Vanamagan: A Predictable Film Succumbs to its Aping Tendencies
Movie Review by Trijai Nerthi (Rocheston Certified Movie Critic)
Director Vijay is known for borrowing and lifting ideas from Hollywood and making them his own by serving the audiences with a locally appreciable script. This tendency to borrow has worked well for him in Madrasapattinam and Deiva Thirumagal because the local nuances were relatable and the content (though borrowed) seemed fresh. But with Vanamagan, the director borrows elements from Tarzan, George of the Jungle, Kadamban and various other films only to put them together in a carelessly strung screenplay that is dull, stale and quite predictable.
Jara, a tribal member in Andaman is on the run from ruthless captors who are after his tribe. In his efforts to escape, he gets rescued and taken to Chennai by Kavya, an uptown girl who initially comes to the island to ring in the New Year. On reaching Chennai, Jara’s closeness to Kavya troubles her probable suitor Vicky. The trouble that arises due to this love triangle forms the rest of the story.
It is apparent that Director Vijay seems to be running out of fresh perspectives to place in his array of familiar and lifted plot points. From the beginning till the end, Vanamagan lacks imagination. It gets increasingly predictable as time passes and after a while, sitting through its unfunny characteristics becomes quite a daunting task.
Whether it’s in establishing Jara’s innocence or staging speedy chase sequences, every little detail in Vanamagan’s execution are bits and pieces borrowed from films we’ve already seen before. There are no surprising elements in the film to cause excitement. Borrowing a theme and lending it a fresh and locally viable perspective might work. But aping popular films without even caring enough to fill the spaces with distinction displays the director’s carelessness.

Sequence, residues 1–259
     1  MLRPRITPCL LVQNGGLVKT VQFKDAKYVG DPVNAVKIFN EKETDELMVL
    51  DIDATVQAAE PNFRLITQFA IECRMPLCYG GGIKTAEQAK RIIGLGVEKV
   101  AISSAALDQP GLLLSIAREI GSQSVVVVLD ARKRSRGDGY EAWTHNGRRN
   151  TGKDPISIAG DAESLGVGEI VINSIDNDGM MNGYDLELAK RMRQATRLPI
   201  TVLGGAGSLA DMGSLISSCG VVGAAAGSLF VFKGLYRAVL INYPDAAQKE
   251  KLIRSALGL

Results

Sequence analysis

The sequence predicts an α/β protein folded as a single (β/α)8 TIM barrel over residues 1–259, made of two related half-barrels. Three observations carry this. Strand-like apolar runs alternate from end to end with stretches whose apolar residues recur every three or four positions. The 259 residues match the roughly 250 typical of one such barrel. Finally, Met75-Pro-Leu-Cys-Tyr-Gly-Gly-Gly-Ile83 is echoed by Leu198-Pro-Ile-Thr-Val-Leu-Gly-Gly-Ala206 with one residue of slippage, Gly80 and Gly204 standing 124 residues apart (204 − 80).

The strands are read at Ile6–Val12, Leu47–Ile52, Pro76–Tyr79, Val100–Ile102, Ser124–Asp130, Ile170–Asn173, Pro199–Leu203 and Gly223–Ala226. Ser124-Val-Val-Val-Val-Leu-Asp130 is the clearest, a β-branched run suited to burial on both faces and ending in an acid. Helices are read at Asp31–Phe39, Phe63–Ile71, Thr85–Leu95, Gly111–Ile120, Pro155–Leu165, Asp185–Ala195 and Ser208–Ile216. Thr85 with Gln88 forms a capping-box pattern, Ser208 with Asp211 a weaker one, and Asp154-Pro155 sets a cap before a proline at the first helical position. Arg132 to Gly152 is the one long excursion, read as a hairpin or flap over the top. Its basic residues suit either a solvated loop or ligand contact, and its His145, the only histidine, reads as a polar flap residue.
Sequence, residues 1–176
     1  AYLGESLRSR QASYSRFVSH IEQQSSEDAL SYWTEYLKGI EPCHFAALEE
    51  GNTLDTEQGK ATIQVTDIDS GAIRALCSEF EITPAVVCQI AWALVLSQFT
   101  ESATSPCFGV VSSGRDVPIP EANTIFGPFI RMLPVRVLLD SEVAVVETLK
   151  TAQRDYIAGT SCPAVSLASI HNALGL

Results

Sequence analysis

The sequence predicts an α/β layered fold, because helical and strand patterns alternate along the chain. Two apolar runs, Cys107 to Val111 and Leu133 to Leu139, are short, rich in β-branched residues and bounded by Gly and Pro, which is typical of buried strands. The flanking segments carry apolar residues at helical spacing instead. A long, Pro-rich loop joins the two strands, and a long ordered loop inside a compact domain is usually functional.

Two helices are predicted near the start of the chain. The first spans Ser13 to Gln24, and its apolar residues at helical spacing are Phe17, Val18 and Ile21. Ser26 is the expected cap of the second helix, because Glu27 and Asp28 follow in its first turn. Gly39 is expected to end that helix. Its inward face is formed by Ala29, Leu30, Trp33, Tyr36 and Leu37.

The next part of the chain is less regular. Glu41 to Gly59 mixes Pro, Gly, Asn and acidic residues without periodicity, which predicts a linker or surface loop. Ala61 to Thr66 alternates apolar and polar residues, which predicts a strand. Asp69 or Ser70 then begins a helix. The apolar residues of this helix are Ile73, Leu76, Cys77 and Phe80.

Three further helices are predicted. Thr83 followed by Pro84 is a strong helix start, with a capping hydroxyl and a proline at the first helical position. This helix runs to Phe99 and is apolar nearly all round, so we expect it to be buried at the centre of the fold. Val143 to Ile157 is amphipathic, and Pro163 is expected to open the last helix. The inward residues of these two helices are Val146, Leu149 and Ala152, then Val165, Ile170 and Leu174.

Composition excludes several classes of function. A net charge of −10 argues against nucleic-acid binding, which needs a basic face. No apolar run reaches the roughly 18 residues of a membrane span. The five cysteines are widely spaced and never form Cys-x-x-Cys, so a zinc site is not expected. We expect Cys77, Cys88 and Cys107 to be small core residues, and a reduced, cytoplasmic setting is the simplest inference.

Once the second half begins, the film starts to contradict itself consistently. A secondary story track belonging to Kavya and her parents disappears abruptly. An initially arrogant Kavya, who never even permits her servant to attend his son’s wedding, is seen rescuing Jara with a melting heart. Such a drastic change in her character should’ve been supported by a convincing explanation.
At first, Jara is introduced to us as an animal-like man-child, later we are told that he belongs to a tribal community that has cultural norms and a value system of their own. Isn’t it irresponsible of the writer to change their mind in this manner when they are halfway through the script?
Director Vijay has tried to render comic relief every now and then but it becomes clearly visible that he is desperately trying to give the audiences what they like. This forced execution is the reason why these presumably commercial elements never take off.
Though Jayam Ravi’s portrayal resonates with the audience in places, he is seen trying too hard most of the times. If he had eased into his role organically, his version of Jara could’ve been effortless and impeccable. Sayyeshaa’s acting skills need a lot of fine-tuning in order for her to prove her mettle in challenging roles that might come her way in the future.
Cinematographer Tirru’s visuals are a sight for sore eyes. The film’s careless narration is undeserving of such refreshing visuals. Harris Jayaraj’s music lacks spark and lies in the shadow of the film’s familiarity. His Hans Zimmer inspired BGM construction follows right in the film’s unoriginal scheme of events.
On the whole, Vanamagan loses its individuality due to its aping tendencies. If you enjoyed Tarzan, stay far, far away from this film’s cape of predictability.